ML 3.1.1 G - ML 3.1.9 R establish a duty on relevant firms to carry out the identification of clients. ML 3.1.3 R makes clear that relevant firms must not, in general, carry out relevant regulated activities, or agree to do so, for a client or potential client unless the firm has taken reasonable steps to check that client's identity. That requirement applies to any person engaged in, or who has had contact with the firm with a view to engaging in, any transaction with that firm:
Ideally, the true name or names used should be verified by reference to a document obtained from a reputable source which bears a photograph. There is obviously a wide range of other documents that members might produce as evidence of their identity. It is for each credit union to decide the appropriateness of such documents in the light of other security procedures operated when an account is opened.
In addition to the name verification, it is important that the current permanent address should also be verified. Some means of verifying address are:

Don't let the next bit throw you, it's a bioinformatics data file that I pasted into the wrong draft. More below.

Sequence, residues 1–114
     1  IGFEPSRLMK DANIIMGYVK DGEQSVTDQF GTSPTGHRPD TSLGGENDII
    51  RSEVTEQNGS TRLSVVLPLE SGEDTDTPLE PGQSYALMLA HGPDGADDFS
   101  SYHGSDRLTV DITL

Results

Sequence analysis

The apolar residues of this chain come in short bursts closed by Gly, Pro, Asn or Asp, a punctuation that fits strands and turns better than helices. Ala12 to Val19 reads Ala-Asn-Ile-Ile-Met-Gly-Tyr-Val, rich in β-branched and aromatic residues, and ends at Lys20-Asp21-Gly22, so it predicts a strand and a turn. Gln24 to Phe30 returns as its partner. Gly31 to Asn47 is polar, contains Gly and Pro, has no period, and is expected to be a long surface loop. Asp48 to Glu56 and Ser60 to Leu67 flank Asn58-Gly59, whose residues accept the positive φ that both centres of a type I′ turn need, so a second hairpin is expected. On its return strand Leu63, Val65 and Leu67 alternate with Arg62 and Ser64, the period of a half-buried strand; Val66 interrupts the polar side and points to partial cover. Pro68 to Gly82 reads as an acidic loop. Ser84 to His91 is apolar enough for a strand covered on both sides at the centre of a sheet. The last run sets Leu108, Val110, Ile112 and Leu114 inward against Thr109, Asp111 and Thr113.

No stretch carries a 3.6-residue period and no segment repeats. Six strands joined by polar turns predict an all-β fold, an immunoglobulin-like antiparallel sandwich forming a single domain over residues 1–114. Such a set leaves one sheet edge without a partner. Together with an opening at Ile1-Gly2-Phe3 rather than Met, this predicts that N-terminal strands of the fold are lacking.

ML 3.1.5 G - ML 3.1.7 G recognise that there will be exceptional circumstances when the potential member is unable to produce the normal documents to confirm their identity. In these circumstances a credit union can accept a letter from persons in a position of responsibility such as teachers, social workers, doctors, ministers of religion, hostel managers and solicitors as evidence of identity. The credit union still has the responsibility to satisfy itself that the person applying for membership is who they say they are (ML 3.1.3 R).
ML 3.2 sets out a number of exceptions to the requirement upon firms to establish the identity of the client. These exceptions apply in principle to credit unions. However, none of these exceptions applies if the firm has reasonable cause to know or suspect that the client is engaged in money laundering.1